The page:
Dans cette étude de laboratoire, les auteurs ont étudié le cycle biologique d ’Anopheles gambiae s.s. résistant aux pyréthrinoïdes (souche VKPR) selon que celui-ci se développe dans un environnement plus ou moins riche en matière végétale (MV = 2,5 et 5 g/l) et en engrais NPK (8-12-8 et 17-23-17 mg/l). La moitié des environnements composés n’a subi aucune pression de sélection (gîtes témoins) alors que l’autre moitié a fait l’objet d’un traitement à la deltaméthrine à la concentration de 0,015 mg/l. Les essais ont montré que 2,5 g de MV par litre d’eau ne suffisent pas à nourrir la centaine de larves contenue dans chaque gîte. Le fait de traiter ces gîtes avec la deltaméthrine inverse toutefois la situation en donnant aux larves survivantes l’occasion de se partager le peu de nourriture disponible et de poursuivre ainsi leur développement jusqu’au stade adulte. Si l’apport en NPK dans les gîtes non traités n’a pas amélioré les qualités nutritives des eaux, cet apport dans les gîtes traités a multiplié par 2,5 le nombre des adultes émergents. Dans les eaux contenant 5 g de MV par litre, les larves n’ont pas subi de stress alimentaire et l’impact de l’insecticide a suivi un schéma de sélection plus classique qui s’est exprimé par une réduction du nombre des adultes émergents. Dans ces environnements (traités ou non) où abonde la matière organique, l’ajout de NPK apporte aux larves un complément nutritionnel qui augmente plus encore le taux de survie d ’An. gambiae. Enfin, que ce soit dans les milieux pauvres ou riches en MV, la présence de NPK dans l’eau engendre des adultes plus gros et généralement plus riches en protéines solubles.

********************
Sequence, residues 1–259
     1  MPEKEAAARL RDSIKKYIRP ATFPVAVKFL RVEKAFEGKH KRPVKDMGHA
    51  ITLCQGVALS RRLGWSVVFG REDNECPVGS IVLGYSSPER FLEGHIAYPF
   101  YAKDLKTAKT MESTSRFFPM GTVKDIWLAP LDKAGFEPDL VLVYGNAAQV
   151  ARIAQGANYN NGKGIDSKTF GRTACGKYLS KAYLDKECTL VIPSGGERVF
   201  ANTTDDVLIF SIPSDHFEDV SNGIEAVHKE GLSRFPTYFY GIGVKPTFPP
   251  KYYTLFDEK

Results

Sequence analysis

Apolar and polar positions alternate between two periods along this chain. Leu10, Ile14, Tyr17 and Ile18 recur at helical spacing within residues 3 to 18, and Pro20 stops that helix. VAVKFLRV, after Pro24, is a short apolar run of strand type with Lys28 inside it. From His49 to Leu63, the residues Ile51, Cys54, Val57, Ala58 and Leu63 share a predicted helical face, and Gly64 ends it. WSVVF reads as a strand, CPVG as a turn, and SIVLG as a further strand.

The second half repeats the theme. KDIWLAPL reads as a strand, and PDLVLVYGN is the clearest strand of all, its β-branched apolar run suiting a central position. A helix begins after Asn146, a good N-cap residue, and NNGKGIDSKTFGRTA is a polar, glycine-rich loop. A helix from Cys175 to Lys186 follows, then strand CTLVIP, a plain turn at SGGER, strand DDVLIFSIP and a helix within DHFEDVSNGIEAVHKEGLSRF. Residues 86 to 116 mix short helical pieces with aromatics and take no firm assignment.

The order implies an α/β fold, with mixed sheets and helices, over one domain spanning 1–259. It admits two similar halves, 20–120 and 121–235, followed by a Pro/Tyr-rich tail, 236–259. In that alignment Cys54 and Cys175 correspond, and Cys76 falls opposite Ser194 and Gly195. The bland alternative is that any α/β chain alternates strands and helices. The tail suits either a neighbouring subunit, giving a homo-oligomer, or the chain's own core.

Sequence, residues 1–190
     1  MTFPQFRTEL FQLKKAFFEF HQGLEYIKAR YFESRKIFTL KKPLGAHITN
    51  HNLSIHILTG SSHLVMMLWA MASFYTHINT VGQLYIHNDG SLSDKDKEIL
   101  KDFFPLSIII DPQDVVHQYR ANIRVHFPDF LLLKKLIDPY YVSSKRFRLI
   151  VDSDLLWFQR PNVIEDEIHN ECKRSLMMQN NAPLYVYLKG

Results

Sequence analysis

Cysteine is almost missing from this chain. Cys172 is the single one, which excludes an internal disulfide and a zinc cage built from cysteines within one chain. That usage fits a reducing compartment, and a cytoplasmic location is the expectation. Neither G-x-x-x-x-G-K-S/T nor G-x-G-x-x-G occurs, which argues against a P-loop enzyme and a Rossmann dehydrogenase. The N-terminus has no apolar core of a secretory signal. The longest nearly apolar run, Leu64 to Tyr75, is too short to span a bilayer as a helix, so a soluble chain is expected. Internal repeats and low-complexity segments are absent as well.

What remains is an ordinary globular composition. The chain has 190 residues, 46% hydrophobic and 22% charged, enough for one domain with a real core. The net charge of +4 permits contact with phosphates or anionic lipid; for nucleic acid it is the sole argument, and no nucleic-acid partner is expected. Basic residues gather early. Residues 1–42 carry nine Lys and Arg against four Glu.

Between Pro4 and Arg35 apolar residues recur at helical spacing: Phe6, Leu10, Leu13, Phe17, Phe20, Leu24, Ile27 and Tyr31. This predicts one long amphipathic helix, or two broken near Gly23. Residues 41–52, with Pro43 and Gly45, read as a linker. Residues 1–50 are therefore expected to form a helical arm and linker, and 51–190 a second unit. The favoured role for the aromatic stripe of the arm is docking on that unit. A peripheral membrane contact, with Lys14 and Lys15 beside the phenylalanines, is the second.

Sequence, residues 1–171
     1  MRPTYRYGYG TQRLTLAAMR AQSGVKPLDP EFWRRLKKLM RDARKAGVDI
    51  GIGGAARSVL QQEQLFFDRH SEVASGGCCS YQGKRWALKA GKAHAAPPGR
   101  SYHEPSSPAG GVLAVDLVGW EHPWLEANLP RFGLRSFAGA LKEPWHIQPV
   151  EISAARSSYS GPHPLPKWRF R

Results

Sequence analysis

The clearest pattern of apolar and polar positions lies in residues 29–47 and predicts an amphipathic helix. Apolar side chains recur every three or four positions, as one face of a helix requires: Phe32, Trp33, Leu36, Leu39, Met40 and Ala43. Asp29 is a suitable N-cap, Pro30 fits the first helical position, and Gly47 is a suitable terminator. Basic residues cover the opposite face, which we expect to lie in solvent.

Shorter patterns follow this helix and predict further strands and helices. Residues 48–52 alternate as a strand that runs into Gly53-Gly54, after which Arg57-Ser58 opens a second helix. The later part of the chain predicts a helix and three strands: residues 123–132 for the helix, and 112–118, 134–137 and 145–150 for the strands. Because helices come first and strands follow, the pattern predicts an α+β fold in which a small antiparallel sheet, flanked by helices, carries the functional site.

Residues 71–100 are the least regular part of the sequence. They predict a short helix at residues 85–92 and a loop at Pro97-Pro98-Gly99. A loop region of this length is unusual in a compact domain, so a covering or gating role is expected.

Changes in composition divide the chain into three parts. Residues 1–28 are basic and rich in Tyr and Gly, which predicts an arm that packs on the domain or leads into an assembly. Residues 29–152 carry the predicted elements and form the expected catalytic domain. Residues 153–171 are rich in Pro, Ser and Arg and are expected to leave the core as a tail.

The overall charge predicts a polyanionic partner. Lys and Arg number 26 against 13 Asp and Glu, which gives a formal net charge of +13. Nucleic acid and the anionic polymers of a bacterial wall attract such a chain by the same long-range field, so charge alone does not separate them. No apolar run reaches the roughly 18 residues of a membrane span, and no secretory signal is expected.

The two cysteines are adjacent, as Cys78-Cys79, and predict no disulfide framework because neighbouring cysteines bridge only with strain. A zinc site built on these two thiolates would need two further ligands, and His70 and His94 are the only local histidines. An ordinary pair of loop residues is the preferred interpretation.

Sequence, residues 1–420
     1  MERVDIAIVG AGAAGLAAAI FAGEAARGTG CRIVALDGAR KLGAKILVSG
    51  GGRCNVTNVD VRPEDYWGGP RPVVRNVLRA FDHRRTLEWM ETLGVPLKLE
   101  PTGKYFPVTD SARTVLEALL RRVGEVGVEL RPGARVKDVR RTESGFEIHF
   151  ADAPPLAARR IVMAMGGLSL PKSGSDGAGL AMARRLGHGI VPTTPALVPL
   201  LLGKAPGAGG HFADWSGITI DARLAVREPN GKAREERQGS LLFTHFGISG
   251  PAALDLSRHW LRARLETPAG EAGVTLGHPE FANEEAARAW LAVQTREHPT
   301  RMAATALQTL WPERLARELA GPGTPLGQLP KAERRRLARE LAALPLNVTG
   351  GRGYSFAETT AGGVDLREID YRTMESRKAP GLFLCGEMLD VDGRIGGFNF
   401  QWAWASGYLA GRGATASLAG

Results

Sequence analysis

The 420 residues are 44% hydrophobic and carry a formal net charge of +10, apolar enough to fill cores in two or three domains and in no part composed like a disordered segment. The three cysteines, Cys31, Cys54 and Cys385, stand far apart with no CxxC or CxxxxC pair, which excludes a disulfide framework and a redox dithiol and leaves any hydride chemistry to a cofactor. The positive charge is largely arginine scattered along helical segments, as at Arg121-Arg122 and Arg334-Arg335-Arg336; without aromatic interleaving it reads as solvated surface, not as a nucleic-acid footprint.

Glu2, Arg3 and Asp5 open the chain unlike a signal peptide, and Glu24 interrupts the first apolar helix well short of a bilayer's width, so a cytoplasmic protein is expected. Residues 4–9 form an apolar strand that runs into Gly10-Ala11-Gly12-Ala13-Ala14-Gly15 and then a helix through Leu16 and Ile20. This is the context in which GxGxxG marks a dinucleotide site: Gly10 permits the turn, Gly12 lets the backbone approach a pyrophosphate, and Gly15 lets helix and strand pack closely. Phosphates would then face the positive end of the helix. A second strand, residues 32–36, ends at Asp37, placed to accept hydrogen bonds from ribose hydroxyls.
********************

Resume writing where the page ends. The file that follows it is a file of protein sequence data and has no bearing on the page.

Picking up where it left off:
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          Most cited references 10

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          Pyrethroid resistance in African anopheline mosquitoes: what are the implications for malaria control?